As aggregators and search services get serious about finding new ways to stay informed about fresh feeds, an early initiative called FeedMesh bets on cooperation.
For Webloggers, sending notifications of new postings are like the street-corner sellers yelling the hot headline for metropolitan newspapers. With the rapid growth of bloggers and Weblog communities, its becoming increasingly hard to be heard.
But adjustments to a piece of basic RSS plumbing that is responsible for keeping readers informed of feed updates may ease the pain.
Some of the leading RSS search and aggregation services have begun banding together to build a next-generation approach for distributing update notifications to the syndicated feeds that are a core part of most Weblogs and a growing number of news and portal sites.
Called FeedMesh, the approach takes the dozens of ping services that exist today a step further by seeking cooperation among aggregators to share updates among themselves.
The idea for the initiative, which is being championed by PubSub Concept Inc., was hatched last year during an informal meeting of aggregators and other leaders involved in RSS and blogging.
"Its the kind of idea that fits the time and the nature of the blogging community," said Bob Wyman, co-founder and CTO of New York-based PubSub. "If [sites] produce a feed, they are looking for syndication and are looking for as broad of syndication as possible."
Ping services operate by receiving notifications of updates from blogs and then publicly posting those updates or adding them to a specific index. Ping services are both open to public view, such as Weblogs.com, and tied to individual search engines or aggregators, such as Technorati Inc. and Yahoo Inc.
Aggregators and bloggers, though, are starting to search for alternative approaches to typical pinging as the number of feeds being published continues to rise and as ping services proliferate among the competing search engines and aggregators.
PubSub itself tracks about 10 million feeds with FeedMesh, Wyman said.
Read more here about another consequence of syndication feed popularitybandwidth bottlenecks.
Since the idea was floated, FeedMesh has turned into an active mailing list to discuss organizational and technical details. So far, participating RSS aggregators and search services include Blo.gs, BlogShares, Syndic8 and Blogdigger, which announced its involvement in April.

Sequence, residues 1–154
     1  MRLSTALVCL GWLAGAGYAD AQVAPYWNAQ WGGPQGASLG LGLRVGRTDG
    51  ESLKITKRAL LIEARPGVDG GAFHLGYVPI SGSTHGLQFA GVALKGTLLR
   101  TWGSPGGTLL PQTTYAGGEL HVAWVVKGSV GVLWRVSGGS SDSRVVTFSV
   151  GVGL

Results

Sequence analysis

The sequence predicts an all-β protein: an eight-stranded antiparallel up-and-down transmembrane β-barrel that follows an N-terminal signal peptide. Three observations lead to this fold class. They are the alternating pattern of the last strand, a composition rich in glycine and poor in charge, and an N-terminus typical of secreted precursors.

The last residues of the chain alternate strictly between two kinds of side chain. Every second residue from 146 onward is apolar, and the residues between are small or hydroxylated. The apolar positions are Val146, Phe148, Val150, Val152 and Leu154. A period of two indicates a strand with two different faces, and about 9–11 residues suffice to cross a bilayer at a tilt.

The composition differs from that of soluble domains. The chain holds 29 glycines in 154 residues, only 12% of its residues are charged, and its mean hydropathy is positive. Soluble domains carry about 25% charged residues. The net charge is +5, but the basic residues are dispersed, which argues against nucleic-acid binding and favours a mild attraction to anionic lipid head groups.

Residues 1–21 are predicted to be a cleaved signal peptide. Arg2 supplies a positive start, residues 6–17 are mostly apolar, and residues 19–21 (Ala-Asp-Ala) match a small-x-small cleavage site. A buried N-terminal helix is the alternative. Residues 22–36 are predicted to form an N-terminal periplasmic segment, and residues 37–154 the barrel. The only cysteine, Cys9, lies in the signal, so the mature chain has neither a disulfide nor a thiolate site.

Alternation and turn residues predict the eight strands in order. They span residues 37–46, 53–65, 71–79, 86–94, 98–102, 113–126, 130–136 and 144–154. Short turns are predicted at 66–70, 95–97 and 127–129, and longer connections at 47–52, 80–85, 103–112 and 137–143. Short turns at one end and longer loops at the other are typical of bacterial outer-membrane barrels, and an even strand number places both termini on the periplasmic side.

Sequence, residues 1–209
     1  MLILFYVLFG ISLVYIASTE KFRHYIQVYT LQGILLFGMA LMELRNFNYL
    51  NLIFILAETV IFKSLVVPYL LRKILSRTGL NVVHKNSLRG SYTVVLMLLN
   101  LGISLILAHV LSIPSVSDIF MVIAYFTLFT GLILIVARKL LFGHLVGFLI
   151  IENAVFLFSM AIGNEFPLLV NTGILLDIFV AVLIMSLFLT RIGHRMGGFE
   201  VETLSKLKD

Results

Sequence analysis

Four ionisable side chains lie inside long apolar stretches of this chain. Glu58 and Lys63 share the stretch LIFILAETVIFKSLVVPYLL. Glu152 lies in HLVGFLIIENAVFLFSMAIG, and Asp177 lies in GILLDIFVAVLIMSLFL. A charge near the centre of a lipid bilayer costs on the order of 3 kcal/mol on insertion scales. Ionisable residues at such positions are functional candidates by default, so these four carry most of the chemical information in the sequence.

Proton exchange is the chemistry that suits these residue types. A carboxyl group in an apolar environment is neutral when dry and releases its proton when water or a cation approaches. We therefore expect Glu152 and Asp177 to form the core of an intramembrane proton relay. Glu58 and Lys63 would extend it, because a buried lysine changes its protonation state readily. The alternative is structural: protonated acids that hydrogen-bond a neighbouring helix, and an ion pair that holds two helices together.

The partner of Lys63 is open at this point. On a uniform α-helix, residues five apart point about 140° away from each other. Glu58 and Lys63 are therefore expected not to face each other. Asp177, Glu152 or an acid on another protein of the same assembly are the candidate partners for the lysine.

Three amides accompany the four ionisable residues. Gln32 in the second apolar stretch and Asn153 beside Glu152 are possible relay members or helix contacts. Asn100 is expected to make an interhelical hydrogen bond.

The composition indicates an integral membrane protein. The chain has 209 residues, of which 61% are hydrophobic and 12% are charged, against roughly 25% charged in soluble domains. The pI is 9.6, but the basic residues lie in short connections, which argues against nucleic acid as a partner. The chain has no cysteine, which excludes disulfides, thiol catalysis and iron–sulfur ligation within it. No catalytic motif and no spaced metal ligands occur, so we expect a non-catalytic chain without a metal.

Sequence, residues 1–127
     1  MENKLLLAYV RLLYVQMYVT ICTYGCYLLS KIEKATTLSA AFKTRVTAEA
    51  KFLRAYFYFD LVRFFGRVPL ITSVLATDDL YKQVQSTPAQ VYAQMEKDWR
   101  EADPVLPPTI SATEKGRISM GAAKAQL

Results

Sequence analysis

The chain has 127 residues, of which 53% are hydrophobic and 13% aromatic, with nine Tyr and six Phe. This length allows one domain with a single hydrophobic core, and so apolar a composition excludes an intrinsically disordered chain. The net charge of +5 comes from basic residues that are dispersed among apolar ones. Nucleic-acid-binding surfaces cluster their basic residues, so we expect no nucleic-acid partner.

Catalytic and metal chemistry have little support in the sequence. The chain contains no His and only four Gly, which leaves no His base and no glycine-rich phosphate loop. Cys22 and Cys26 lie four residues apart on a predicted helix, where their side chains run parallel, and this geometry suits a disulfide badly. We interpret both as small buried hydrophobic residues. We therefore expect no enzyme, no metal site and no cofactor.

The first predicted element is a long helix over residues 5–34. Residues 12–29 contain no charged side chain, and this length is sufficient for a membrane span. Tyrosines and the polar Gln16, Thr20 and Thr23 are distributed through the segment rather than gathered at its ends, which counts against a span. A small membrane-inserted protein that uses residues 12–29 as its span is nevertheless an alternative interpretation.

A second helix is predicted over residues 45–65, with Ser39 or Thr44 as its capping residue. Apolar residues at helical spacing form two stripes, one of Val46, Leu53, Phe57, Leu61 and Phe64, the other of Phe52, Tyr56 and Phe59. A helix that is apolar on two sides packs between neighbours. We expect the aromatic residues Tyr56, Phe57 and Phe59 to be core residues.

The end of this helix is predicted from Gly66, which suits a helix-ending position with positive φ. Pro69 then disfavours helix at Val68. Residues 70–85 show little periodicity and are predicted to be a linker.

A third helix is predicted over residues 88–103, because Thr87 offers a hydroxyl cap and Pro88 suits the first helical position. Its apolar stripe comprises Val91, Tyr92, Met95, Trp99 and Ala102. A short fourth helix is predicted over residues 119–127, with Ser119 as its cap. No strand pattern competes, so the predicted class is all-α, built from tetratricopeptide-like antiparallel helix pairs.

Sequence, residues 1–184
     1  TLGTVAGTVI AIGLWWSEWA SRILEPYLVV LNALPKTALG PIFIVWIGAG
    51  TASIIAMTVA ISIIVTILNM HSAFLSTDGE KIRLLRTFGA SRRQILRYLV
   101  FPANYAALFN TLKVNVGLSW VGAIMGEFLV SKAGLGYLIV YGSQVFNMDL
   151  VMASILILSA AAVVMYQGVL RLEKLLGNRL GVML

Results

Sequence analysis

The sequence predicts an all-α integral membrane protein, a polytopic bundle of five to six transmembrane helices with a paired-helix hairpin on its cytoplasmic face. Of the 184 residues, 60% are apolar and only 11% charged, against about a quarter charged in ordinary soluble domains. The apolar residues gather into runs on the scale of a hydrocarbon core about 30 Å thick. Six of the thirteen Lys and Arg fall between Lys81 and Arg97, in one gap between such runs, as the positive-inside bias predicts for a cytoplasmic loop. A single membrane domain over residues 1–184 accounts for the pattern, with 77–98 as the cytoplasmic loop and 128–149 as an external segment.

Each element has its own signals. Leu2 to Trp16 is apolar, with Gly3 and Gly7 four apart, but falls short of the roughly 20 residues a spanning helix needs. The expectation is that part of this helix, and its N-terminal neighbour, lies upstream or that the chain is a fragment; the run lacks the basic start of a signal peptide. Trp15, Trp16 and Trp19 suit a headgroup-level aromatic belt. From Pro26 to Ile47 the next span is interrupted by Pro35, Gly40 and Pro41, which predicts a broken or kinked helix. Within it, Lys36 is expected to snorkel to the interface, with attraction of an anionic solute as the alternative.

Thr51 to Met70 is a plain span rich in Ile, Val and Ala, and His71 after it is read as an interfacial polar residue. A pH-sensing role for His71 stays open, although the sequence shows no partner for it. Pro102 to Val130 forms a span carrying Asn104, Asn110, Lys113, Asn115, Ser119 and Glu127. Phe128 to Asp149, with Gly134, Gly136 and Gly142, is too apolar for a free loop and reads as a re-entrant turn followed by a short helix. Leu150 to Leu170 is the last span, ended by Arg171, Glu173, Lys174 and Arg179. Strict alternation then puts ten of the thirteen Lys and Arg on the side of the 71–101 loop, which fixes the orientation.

Currently, FeedMesh is handling about 15 to 20 notifications a second, Wyman said. For the most part, participants are reading the update notifications, but the eventual aim is for all members to equally contribute their notifications.
These updates come from more than ping services. Wyman said that about three-fourths of the feed update notifications on FeedMesh actually come outside of ping service based on aggregators and search engines crawling for RSS and Atom feeds and on relationships where a blog-publishing service directly shares updates with a specific aggregator.
Next Page: Sharing with one another.
As an online reporter for eWEEK.com, Matt Hicks covers the fast-changing developments in Internet technologies. His coverage includes the growing field of Web conferencing software and services. With eight years as a business and technology journalist, Matt has gained insight into the market strategies of IT vendors as well as the needs of enterprise IT managers. He joined Ziff Davis in 1999 as a staff writer for the former Strategies section of eWEEK, where he wrote in-depth features about corporate strategies for e-business and enterprise software. In 2002, he moved to the News department at the magazine as a senior writer specializing in coverage of database software and enterprise networking. Later that year Matt started a yearlong fellowship in Washington, DC, after being awarded an American Political Science Association Congressional Fellowship for Journalist. As a fellow, he spent nine months working on policy issues, including technology policy, in for a Member of the U.S. House of Representatives. He rejoined Ziff Davis in August 2003 as a reporter dedicated to online coverage for eWEEK.com. Along with Web conferencing, he follows search engines, Web browsers, speech technology and the Internet domain-naming system.